The work paid off for Logano, who earned his ninth career Cup win and the second Daytona 500 victory for Team Penske.
We prepared ourselves the best we can for this race.
“Superspeedway racing was not our specialty at all last year and for me as a driver I’ve never really been that good at this big pack drafting,” Logano said. “Over the off-season Todd and I sat down a lot, and Tab my spotter, we sat down and watched a lot of tapes. We went up and watched the second Duel on top of the spotter’s stand. We watched the XFINITY race up there.
"We did everything we possibly could do to say, ‘We prepared ourselves the best we can for this race,’ and it’s so cool to see that phrase come to life – ‘Effort Equals Results,’ and we’ve got a really cool ring because of it.”
Hamlin, Sunday’s fourth-place finisher, had a front-row seat for his former teammate’s victory. After working alongside Logano for his first five seasons in NASCAR, Hamlin feels a fresh start energized his former teammate. He believes Logano has evolved into “a different driver”.
He's really become one of the elite drivers in our sport.
“I think some situations just suit you better,” Hamlin said. “You look at when he left the 20 car, the 20 car instantly ran better. When he left, he instantly ran better. I just think the situation didn't work for him.
“I think he matured and did his homework. He's really become one of the elite drivers in our sport. Every single weekend you know you're going to have to beat the 22. That's something we didn't say about Joey just three years ago. I think he's with a great situation. Their cars are really good. He just made the best of it.”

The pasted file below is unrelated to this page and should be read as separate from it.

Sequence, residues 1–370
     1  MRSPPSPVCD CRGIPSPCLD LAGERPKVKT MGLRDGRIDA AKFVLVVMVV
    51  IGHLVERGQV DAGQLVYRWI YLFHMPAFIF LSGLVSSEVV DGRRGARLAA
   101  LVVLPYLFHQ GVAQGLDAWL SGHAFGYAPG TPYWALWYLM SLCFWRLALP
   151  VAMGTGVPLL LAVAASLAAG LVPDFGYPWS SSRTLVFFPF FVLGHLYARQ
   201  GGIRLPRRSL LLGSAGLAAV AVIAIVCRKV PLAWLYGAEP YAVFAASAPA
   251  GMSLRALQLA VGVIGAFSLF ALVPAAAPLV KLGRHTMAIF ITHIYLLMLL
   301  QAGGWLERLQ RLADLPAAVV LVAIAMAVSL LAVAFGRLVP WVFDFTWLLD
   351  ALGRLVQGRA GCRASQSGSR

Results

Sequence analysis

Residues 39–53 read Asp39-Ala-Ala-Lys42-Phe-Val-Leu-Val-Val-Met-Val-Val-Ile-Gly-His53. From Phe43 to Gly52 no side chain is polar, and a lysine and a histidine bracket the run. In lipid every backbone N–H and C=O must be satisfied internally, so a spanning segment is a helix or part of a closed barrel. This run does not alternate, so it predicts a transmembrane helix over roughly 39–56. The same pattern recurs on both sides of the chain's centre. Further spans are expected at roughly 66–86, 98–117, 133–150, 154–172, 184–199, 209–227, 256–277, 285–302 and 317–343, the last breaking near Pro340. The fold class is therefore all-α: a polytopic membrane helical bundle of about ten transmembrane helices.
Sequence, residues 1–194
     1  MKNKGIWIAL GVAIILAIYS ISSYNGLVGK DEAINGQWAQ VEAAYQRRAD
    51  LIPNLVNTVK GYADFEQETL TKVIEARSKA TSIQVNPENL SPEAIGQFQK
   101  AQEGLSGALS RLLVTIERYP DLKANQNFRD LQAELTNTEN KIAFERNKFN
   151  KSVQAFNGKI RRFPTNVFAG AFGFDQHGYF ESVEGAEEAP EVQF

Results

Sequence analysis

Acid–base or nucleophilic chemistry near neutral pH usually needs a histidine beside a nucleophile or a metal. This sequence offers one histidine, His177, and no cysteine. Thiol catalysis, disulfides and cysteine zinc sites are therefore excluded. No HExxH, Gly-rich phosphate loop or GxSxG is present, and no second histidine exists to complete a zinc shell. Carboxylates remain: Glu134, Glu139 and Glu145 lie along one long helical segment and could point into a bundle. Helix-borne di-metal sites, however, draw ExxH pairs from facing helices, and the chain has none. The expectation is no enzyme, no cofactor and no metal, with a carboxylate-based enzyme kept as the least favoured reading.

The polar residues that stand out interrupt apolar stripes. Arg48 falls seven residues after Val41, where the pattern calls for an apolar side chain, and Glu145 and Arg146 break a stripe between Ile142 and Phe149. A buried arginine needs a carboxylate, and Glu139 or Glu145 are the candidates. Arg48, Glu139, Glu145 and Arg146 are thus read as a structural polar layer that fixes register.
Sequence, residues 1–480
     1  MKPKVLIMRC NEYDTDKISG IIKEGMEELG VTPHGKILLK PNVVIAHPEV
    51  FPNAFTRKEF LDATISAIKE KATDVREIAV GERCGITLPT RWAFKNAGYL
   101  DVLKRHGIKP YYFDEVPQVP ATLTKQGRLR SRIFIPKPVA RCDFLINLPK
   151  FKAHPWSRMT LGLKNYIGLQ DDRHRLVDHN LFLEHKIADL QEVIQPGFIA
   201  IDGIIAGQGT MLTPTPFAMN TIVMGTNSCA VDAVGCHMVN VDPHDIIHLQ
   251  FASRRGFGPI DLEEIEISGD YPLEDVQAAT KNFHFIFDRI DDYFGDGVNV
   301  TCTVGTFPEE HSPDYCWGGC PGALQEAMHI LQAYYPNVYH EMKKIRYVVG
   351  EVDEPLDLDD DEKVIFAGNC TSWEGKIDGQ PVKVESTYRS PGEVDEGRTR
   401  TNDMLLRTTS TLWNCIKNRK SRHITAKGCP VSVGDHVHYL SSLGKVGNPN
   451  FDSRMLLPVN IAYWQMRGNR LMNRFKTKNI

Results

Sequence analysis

A new day
By Monday morning’s Daytona 500 Champion’s breakfast, Logano’s level of energy had diminished after a night of celebration. Still, it was clear that the significance of winning NASCAR’s most prestigious race had begun to sink in. Most 500 winners aren’t prepared for the onslaught of media activities that follow let alone pack a suit for Speedweeks. That wasn’t the case for Logano.
“I came to Daytona fully expecting to win,” Logano said. “Plus, you need a suit when you drive for Roger Penske.”
So how did Logano go from a career that many thought was “toast”?
“You didn’t call me that did you,” Logano asked.
Guilty as charged. Perhaps that’s what makes it easier to appreciate the depth of Logano’s accomplishment. He certainly does.
“It means a lot,” Logano said. “There are a lot of great race car drivers that have never won the Daytona 500. You see the list on the big trophy down there of all the drivers that have won this thing and to have your name associated with that means so much. I said earlier, you walk into this place and they have the concrete in here with the driver’s hands and feet and you look at some of the names that won this thing before and to think that your name is going to be down there in concrete is something special. That is there forever. That is what makes this race so special to win.
“It is the Daytona 500. We talk about it all the time. It is hard for me to put it into words what it feels like. It is just a surreal feeling. You work your whole career to get to the point that you even have a chance to win the Daytona 500. I talked yesterday about how big it was just to start the Daytona 500 so winning it is just insane the emotions you go through and what you feel.
“At the same time, you are like, okay and you start thinking about Atlanta and you want to keep the momentum going. At the same time you want to make sure you let this settle in and make sure you enjoy this moment. They are not easy to come by, obviously. We will make sure that we enjoy it but keep working hard.”